In 1938, the Soviet scientist Vladimir Demikhov was able to keep a severed dog's head alive for three hours. It was able to respond to extraneous stimuli.

Six months later, the scientist transplanted a second heart into a dog's chest cavity for the first time in the world. Before that, the organ had been transplanted to the neck, side, groin, but the organ did not take root - it needed a pressure drop in the circulatory circles. The results of the experiments varied: dogs died during the operation, after two days, three, two weeks. The maximum life time was 32 days.
Since 1948, the experimenter began transplanting the liver into dogs. This became known in the United States, where such operations were quickly perfected and introduced into medical practice.

In 1950 Demikhov received the Burdenko Prize. Two years later he started to develop the methods of coronary bypass grafting: he sutured a vessel into the coronary artery bypassing the place of damage. During nine months of 1954-1955 he performed about 30 operations: four times he transplanted heart, five times - heart and lungs in dogs and rabbit, transplanted lobes of lungs. He implanted organs in puppies: kidneys, adrenal glands, segments of the spine with the spinal cord, parts of the aorta, liver, gastrointestinal tract, and even the entire "complex" of abdominal organs. And finally he got to the point of transplanting the puppy's head to the vessels of the dog's kidney and the lower half of the puppy's torso to the dog's neck.

Demikhov began to develop ways to preserve donor organs for transplantation. He placed them in thermostatic vessels and connected them to the animals' circulatory system. One dog saved up to four cardiopulmonary "complexes", and they worked for a week. The scientist conducted experiments on replacing animal blood with human cadaver blood, and then connected a human heart to them and revived them for 2.5-6 hours.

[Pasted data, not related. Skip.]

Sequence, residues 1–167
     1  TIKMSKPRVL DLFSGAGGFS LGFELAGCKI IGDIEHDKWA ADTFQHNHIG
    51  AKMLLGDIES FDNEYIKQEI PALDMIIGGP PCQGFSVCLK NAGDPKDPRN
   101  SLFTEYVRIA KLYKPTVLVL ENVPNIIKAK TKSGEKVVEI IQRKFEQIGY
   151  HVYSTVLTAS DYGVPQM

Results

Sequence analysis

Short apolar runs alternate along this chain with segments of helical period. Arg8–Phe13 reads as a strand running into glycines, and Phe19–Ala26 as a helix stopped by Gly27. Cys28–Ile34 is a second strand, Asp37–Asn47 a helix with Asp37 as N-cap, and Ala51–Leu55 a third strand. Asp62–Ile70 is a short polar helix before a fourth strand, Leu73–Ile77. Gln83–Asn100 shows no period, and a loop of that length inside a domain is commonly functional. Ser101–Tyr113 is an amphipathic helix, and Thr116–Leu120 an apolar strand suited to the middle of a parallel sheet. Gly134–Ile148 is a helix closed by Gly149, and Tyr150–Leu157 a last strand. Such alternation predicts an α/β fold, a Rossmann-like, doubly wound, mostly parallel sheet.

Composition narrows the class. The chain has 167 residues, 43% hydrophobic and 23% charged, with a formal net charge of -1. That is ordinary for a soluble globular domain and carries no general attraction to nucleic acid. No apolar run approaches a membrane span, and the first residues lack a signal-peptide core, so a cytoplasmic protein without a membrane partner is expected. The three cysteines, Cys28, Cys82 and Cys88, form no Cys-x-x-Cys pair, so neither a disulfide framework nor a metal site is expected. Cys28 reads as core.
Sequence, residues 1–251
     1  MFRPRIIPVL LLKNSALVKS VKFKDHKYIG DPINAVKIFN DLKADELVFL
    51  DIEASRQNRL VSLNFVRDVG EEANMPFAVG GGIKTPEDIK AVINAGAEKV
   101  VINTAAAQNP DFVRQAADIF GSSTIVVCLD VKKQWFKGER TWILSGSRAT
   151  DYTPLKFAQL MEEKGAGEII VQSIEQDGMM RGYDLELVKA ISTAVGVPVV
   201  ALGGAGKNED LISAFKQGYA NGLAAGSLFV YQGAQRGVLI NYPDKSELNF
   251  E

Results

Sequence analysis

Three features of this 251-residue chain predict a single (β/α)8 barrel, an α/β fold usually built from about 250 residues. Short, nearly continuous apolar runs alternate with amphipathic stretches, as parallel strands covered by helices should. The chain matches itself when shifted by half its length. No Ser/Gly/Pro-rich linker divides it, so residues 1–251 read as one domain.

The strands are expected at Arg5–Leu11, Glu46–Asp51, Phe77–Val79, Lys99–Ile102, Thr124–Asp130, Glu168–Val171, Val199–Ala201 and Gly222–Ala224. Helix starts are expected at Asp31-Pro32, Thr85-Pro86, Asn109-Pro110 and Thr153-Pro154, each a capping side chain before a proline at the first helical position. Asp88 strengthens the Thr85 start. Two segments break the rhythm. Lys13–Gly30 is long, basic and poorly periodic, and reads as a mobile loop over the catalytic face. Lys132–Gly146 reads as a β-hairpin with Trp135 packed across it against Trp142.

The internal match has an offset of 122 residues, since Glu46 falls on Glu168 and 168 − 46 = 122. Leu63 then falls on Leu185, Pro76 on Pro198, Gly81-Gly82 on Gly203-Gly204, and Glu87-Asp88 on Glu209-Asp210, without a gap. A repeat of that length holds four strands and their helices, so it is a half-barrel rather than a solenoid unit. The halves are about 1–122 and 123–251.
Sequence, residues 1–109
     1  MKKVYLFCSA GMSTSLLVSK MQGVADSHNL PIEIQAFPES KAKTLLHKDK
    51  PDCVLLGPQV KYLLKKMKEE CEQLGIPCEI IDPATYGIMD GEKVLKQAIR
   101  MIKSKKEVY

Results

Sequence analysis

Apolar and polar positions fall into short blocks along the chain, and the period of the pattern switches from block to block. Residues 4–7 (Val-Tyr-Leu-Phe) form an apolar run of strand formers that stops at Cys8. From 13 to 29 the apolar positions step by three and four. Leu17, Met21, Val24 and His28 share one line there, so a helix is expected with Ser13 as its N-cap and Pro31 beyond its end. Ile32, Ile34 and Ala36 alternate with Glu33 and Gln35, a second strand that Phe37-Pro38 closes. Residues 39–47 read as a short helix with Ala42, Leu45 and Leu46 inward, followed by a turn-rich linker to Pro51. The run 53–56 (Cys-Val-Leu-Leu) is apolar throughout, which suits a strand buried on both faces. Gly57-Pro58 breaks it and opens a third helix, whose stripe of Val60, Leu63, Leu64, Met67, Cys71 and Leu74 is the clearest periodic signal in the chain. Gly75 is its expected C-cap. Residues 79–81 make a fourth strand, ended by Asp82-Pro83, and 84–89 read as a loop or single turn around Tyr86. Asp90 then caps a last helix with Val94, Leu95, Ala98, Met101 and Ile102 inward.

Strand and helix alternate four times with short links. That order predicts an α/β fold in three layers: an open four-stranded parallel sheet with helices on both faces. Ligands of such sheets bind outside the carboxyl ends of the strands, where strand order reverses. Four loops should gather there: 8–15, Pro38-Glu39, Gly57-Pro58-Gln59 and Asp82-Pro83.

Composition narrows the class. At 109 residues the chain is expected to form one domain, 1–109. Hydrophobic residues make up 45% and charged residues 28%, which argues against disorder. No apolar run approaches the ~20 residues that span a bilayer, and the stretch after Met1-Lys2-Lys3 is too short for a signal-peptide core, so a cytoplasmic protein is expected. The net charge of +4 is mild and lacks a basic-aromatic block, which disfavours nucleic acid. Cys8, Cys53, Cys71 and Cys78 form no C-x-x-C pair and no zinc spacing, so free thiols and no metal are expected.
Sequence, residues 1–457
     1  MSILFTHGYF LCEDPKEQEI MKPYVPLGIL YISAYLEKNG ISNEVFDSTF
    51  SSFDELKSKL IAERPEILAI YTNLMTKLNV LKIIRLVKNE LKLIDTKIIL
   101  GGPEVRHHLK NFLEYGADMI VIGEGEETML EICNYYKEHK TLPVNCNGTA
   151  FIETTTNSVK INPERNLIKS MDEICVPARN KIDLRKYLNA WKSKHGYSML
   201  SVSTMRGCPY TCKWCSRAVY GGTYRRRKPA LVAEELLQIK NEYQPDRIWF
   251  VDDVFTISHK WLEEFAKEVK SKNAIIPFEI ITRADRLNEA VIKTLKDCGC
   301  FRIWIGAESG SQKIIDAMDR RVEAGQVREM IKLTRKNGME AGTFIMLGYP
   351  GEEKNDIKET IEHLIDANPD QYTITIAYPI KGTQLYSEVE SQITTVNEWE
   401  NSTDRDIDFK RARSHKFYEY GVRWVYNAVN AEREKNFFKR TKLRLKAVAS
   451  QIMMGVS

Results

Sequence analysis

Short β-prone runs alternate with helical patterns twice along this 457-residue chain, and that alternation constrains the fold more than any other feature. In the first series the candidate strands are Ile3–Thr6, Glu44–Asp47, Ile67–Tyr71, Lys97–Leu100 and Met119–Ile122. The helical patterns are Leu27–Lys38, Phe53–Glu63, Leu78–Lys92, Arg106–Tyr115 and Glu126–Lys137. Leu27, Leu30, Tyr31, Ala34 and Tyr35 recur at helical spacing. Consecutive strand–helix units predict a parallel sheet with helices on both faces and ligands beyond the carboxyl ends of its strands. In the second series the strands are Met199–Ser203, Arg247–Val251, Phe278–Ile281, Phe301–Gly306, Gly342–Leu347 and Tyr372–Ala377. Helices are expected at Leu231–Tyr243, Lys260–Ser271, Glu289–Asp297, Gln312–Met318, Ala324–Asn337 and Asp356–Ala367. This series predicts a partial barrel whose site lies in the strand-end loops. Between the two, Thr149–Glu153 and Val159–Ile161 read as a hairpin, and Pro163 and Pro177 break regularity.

Together with his student Mikhail Razgulov, Demikhov invented a method of preserving organs inside animals. Biologists placed human hearts in sealed polyethylene bags and sewed them into the abdominal cavity of pigs, connecting them to the blood system. One animal could keep 3-4 donor hearts for up to seven days[6].

The ideas of transplantology found their development, and this method of treatment began to be used more and more often.

In 1965 the first successful clinical kidney transplantation in the USSR was performed by B.V. Petrovsky. The following year he also performed a successful kidney transplantation from a cadaver.

1967 - Research Institute for Transplantation of Organs and Tissues of the USSR Academy of Medical Science was established (the first director - G. Solovyov).

On March 12, 1987 the first successful heart transplantation in the USSR was performed. The transplant was conducted by Valery Shumakov, a distinguished surgeon and member of the Russian Academy of Sciences. Alexandra Shalkova is our first countrywoman, to whom a vital organ was transplanted, after which she lived for eight and a half years.

On February 14, 1990 the first liver transplant in the USSR was performed by surgeons Alexander Konstantinovich Yeramishantsev and Sergey Vladimirovich Gotye. That was the beginning of a new era in the national transplantology. The operation allowed patients not only not to die from such a disease as "cirrhosis of the liver", but also to live a full life and have a family.